Pushing the ubiquitous start/stop button on the dashboard the engine fired up with a sound absent of the harshness normally found in diesel motors, the only stuttering occurring with the engine stop/start system under the forceful accelerator pedal pressure causing the vehicle to set off like a startled bird. Softly, softly is the message here.

The nine-speed auto had the brains to take a range of on-road conditions without missing a beat, while manually shifting with the steering wheel-mounted paddles became something of a chore with so many ratios to choose from.

Visibility is restricted, especially to the rear, a reduction in glass being called on by the sloping coupe-style roof.

The Evoque has the ability to play host to those who wish to enjoy the ownership of a Range Rover without having to mortgage the family home to do so. On the other hand, those who do not like being stared at should give the SUV with the edgy looks a wide berth.


Range Rover Evoque Pure 5-door 2.2 TD4 diesel automatic: $57,895 (as tested $66,935)
Note: This price does not include government or dealer delivery charges. Contact your local Range Rover dealer for drive-away prices.

Push button start (standard)
Rear parking sensors (standard)
Hill start assist (standard)
Hill Descent control (standard)
Terrain response (standard)
HDD Navigation System (includes Hard Disc Drive audio server (10CD/DVD storage and play) and SYWS intuitive voice control, $3400)
9-Speed Automatic Transmission (including Drive Select with paddle shift and Sports mode with intelligent stop/start, $2480)
Clearview Pack (Automatic Xenon headlamps with LED signature lighting and automatic headlamp levelling $1870)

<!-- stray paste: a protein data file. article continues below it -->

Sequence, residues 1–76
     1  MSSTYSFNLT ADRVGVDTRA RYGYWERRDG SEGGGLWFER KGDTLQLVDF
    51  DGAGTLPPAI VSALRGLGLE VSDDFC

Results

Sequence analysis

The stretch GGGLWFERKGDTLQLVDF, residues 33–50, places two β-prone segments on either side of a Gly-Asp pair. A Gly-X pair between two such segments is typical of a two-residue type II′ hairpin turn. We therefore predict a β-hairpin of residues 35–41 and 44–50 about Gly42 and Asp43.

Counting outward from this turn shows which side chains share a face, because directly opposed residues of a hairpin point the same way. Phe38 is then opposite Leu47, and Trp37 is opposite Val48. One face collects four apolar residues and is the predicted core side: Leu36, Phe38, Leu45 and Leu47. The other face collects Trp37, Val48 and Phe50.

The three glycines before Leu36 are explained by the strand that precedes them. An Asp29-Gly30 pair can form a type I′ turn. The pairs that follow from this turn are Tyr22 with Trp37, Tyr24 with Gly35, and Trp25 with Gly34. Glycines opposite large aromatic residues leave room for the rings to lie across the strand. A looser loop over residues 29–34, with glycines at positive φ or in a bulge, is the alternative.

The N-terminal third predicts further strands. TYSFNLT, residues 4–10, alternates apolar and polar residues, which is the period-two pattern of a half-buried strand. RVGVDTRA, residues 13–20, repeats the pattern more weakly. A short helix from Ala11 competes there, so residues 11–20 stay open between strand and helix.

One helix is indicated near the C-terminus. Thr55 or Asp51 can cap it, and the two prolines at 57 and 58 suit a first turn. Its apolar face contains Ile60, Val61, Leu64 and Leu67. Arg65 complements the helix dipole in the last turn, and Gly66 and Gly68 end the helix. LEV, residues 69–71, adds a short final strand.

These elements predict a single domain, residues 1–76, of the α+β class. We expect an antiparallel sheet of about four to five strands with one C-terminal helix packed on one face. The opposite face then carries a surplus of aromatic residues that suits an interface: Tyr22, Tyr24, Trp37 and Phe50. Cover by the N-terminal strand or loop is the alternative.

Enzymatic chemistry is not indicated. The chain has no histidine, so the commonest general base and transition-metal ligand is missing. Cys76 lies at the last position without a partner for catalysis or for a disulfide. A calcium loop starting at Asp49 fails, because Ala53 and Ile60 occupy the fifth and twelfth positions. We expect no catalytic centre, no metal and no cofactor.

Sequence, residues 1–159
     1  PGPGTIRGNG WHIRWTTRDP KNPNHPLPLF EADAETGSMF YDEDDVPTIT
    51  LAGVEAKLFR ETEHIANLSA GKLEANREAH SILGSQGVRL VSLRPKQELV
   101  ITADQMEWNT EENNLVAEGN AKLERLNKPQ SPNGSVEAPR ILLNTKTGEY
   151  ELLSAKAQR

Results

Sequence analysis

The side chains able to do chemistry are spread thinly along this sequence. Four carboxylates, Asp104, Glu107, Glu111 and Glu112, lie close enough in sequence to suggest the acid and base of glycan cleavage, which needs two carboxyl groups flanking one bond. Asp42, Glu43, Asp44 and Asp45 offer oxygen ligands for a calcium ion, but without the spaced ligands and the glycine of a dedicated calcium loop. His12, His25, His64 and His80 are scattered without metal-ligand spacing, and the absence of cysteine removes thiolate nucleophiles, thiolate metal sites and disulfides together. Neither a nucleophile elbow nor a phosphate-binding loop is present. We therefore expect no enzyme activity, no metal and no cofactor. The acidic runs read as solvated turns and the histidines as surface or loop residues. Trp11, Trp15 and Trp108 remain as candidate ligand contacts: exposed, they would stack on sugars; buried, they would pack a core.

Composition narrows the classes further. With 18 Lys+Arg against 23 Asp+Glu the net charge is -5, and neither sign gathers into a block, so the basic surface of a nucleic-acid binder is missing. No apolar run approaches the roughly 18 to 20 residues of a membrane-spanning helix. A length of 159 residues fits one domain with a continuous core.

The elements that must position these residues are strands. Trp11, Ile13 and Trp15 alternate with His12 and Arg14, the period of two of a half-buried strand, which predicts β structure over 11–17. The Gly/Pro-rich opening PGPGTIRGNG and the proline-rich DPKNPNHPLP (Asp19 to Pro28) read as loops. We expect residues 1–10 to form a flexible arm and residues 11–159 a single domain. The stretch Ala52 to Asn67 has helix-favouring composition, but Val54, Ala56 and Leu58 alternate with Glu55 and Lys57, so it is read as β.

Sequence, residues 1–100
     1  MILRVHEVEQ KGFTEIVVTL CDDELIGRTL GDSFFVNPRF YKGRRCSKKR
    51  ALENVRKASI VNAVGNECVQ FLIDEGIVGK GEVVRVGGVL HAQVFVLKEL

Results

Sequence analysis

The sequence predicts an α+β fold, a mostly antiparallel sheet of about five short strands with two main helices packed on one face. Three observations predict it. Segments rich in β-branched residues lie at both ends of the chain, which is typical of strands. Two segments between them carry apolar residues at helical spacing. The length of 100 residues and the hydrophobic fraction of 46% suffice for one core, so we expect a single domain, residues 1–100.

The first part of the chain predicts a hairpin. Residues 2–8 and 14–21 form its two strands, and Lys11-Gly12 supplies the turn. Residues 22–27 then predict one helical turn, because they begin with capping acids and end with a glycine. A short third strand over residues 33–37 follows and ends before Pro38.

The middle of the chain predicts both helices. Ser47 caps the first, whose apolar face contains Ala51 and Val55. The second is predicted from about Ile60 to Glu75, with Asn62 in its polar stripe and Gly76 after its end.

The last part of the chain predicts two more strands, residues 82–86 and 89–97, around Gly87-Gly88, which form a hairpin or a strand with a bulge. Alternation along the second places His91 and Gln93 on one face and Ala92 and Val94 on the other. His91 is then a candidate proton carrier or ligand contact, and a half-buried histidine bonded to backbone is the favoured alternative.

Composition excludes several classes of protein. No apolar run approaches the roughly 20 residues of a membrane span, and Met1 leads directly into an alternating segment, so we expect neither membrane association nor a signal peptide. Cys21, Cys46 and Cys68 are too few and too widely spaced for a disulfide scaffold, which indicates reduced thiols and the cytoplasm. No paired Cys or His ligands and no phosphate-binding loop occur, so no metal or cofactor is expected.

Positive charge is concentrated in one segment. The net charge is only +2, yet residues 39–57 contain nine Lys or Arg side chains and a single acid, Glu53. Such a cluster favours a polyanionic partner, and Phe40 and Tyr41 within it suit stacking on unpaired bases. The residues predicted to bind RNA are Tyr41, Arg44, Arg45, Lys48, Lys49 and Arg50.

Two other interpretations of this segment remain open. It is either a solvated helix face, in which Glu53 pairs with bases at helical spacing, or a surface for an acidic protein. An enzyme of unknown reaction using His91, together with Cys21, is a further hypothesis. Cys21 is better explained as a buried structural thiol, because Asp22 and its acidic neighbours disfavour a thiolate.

Rear View Camera ($670)
PDC Front ($620)

SPECIFICATIONS (Range Rover Evoque Pure 2.2 TD4 diesel automatic engine)
Capacity: 2179 cc
Configuration: Inline four-cylinder, transverse, four valves per cylinder
Bore x Stroke: 85.0 mm x 96.0 mm
Compression Ratio: 15.8:1
Maximum Power: 110 kW @ 4000 rpm
Maximum Torque: 400 Nm @ 1750 rpm

Transmission: 9-speed automatic, including Drive Select
with paddle shift and Sports mode with Intelligent stop / start. Four-wheel drive with Efficient Driveline

Kerb weight: 1685 kg
Gross weight limit: 2350 kg
Roof load limit: 75 kg
Fuel Tank Capacity: 57 litres
Towing capacity: 750 kg (unbraked), 1800 kg (braked)
Turning circle: 11.8 m
Drag co-efficient, Cd: 0.33

Suspension: McPherson struts with aluminium lower wishbones, steel pivot bearings, aluminium subframe, tubular anti-roll bar, track-stabilizing steering roll radius (front); Four-link rear suspension with separate spring/shock absorber arrangement, subframe, aluminium wheel carriers, tubular anti-roll bar

Brakes: Ventilated discs (front); solid discs (rear). ABS anti-locking brakes with Emergency Brake Assist, Electronic Brake Force Distribution, Dynamic Stability Control, Roll Stability Control, Traction Control, Trailer Stability Assist, Terrain Response, Hill Descent Control
Steering: Electronic power assisted
Wheels: 17in alloy (18in temporary steel spare)
Tyres: 225/65 R17

Acceleration 0 to 100 km/h: 9.6 sec
Top speed: 182 km/h

Fuel type: Diesel
Combined Cycle (ADR 81/01): 6.0 litres per 100 km. CO2 emissions 159 g / km

Greenhouse Rating: N/A
Air Pollution Rating: N/A

3 years / unlimited kilometres

About Derek Ogden

On graduating with an honours degree in applied science in London, Derek Ogden worked for the BBC in local radio and several British newspapers as a production journalist and writer. Derek moved to Australia in 1975 and worked as a sub-editor with The Courier Mail and Sunday Mail in Brisbane, moving to the Gold Coast Bulletin in 1980 where he continued as a production journalist. He was the paper's motoring editor for more than 20 years, taking the weekly section from a few pages at the back of the book to a full-colour liftout of up to 36 pages. He left the publication in 2009.